Medical Marijuana Funds Not Going to Seed

October 21, 2014
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MA DPH takes Medical Marijuana Funds without Growing Marijuana

Two years ago, Massachusetts passed a law that allows medical marijuana. It has been a great success – for the MA Department of Health, that is. MassDPH has taken in $3,271,500 in fees from would-be dispensaries without saying yes to a single one, and without planting a single pot plant. What’s more, MassDPH can look forward to hefty annual fees from any of those that do get the go-ahead.

With many clinics eager to get in the game, why have none gotten the green light? It’s unclear. Since the law passed in 2012, 181 have applied, paying fees of $1,500 each. Of these, 81 did not get past the first cut. (And, no, they didn’t get their fees refunded.) One hundred moved on, paying $30,000 each for the privilege. Of those, only 11 are still in the process, yet none have been approved.

Last month, medical marijuana advocates, including patients, their families and doctors, held a press conference to talk about the delays. They were told that MassDPH is doing site visits to the eleven clinics that have made it so far.

Maybe someone should remind the DPH that MA will be hosting the first ever New England Cannabis Convention in January 2015, in Boston. The convention will show off many items of interest, such as ways to consume pot without smoking. Even more important, it will help patients connect with doctors and find dispensaries. That is, if there are any dispensaries open by then.

Boston Mayor Marty Walsh has been clear that he is against medical pot being sold in Boston, but insists that he will follow the people’s wishes. Back in June, the medical marijuana program’s head Karen van Unen guessed that the first stores to buy the drug for treatment could open by November. It seems like a long shot, since that date is now less than two weeks away.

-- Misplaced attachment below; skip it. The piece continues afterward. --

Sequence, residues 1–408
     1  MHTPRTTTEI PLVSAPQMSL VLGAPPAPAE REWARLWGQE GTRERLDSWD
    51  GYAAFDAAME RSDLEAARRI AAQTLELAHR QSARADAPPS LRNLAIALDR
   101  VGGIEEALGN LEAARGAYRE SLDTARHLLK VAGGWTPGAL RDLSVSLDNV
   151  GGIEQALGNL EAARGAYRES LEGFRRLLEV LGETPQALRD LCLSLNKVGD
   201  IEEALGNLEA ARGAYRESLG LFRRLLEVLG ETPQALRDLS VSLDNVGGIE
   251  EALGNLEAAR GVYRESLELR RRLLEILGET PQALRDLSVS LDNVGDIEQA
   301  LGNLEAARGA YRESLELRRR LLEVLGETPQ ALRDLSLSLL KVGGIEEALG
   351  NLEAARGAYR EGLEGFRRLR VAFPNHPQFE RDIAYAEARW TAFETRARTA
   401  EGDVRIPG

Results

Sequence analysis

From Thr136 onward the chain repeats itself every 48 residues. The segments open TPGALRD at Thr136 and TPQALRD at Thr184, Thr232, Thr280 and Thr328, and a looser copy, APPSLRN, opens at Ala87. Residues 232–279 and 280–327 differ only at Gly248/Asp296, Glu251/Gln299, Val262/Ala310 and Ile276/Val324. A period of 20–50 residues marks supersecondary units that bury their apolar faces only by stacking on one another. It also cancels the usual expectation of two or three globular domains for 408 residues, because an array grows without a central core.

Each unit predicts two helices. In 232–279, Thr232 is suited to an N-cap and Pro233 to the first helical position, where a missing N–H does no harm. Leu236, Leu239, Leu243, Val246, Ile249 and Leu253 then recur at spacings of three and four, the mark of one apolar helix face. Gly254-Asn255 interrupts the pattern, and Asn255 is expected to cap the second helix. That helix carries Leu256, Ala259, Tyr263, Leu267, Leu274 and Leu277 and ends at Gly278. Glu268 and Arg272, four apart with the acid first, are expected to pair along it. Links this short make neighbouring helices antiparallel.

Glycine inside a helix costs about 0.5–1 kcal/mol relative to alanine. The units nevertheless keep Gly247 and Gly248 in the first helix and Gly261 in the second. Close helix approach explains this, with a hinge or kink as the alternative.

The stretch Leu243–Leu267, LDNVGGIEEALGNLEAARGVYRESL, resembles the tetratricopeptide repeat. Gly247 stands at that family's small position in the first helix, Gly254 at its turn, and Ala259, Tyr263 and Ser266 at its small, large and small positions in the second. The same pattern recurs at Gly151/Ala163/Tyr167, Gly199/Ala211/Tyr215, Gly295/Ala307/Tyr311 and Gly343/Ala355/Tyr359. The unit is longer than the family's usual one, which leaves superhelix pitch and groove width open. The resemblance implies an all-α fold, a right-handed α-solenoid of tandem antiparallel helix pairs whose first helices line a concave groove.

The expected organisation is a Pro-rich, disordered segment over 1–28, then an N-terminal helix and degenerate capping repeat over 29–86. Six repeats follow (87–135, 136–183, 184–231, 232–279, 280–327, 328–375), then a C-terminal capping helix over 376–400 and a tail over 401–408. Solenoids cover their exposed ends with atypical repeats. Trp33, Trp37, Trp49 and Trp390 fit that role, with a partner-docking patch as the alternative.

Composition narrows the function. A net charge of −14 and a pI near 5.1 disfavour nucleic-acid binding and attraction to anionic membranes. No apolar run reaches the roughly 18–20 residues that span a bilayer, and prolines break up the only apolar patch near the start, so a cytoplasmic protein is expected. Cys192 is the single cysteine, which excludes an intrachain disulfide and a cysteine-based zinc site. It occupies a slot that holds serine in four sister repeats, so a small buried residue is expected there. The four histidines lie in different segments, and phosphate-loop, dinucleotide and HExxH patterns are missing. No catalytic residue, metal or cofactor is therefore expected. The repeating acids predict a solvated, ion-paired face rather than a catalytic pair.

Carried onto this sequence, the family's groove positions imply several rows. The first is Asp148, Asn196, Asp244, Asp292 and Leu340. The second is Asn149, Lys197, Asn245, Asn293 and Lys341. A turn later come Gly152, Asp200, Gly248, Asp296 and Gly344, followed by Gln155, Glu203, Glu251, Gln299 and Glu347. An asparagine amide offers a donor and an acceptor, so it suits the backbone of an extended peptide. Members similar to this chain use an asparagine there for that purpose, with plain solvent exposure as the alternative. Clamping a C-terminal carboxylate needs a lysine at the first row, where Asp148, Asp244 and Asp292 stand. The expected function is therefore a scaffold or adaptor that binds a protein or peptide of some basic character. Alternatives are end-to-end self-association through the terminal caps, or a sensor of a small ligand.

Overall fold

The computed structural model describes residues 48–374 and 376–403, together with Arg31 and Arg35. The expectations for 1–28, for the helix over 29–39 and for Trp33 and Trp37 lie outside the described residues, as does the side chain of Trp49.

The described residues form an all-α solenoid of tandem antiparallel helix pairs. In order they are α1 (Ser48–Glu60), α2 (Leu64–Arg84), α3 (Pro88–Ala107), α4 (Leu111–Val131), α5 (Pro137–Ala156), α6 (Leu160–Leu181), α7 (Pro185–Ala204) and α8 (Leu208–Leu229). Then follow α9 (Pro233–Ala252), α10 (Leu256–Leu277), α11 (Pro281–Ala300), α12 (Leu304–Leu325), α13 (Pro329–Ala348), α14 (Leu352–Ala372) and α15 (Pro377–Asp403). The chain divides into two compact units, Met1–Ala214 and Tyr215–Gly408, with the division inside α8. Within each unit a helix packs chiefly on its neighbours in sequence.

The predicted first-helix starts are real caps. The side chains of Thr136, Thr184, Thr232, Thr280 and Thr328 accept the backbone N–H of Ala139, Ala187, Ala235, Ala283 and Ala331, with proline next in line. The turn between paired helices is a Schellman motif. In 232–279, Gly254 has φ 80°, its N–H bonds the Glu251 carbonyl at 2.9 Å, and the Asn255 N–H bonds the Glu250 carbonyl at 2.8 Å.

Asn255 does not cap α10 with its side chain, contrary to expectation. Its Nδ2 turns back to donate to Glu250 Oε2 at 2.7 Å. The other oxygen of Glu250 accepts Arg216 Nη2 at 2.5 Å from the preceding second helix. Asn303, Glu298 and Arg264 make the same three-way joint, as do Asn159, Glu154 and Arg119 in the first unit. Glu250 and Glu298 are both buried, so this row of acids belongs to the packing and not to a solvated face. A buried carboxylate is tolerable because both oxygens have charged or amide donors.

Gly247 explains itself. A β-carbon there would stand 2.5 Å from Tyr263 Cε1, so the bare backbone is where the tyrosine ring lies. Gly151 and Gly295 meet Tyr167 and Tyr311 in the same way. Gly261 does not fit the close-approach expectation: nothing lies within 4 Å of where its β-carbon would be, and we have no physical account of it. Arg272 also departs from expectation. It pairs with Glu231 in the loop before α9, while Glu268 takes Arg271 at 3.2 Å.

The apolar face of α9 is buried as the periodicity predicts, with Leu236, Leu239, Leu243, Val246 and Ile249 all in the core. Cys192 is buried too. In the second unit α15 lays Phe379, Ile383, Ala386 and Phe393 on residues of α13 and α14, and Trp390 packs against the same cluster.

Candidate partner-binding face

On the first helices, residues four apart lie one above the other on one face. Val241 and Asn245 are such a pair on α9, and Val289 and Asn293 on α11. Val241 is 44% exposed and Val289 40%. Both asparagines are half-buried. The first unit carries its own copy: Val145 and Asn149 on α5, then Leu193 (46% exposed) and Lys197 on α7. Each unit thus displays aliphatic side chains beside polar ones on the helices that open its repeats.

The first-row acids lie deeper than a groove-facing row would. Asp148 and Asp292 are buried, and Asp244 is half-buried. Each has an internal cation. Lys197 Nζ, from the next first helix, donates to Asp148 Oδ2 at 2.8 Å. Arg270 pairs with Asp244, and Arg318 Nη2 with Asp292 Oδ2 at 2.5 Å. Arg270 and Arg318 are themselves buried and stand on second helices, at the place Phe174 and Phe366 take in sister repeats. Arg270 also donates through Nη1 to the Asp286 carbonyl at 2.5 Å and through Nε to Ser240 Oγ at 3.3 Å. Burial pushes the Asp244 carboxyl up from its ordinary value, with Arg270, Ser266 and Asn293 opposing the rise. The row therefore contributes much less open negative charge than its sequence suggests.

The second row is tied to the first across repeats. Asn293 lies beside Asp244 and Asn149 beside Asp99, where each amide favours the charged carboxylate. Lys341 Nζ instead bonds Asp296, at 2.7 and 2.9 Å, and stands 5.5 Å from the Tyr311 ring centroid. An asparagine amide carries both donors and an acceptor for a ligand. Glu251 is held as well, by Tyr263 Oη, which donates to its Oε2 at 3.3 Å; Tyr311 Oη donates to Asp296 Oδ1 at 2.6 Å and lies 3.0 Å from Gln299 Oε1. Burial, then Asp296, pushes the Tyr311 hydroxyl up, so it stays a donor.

Any shops that are approved will have to pay $50,000 to register, $500 for an “agent” fee, and another $50 per patient. They will also have to pay at least $1,500 for an on-site review of the store. Could the thought of all that revenue help speed the process?

“If my doctor feels cannabis would help my condition and it’s legal, why can’t I get relief?” was a typical question at the press conference, hosted by The MA Patient Advocacy Alliance’s chief, Matthew Allen. “We’re not interested in placing blame,” said Allen. But five months after being told to “be patient,” Allen said, “there’s plenty of blame to go around.”

Meanwhile, patients with diseases that could be helped by medical marijuana continue to suffer. Six-year old Madison battles seizures up to 20 times a day, a condition known to be helped by cannabis. Even doctors who are patients have spoken up. Dr. Peter Hayashi, who suffers from a painful illness, spoke at the press conference. “I’m very disappointed we’re at this stage of no-progress,” he said, telling how his pain affects his life.

Patients who have already been waiting much too long for their treatments agree. Pleading to MA Governor Deval Patrick, Madison’s mother said, “We demand access to the cannabis treatment that can save Maddie’s life. Please look at [her] and tell her why you won’t help.”

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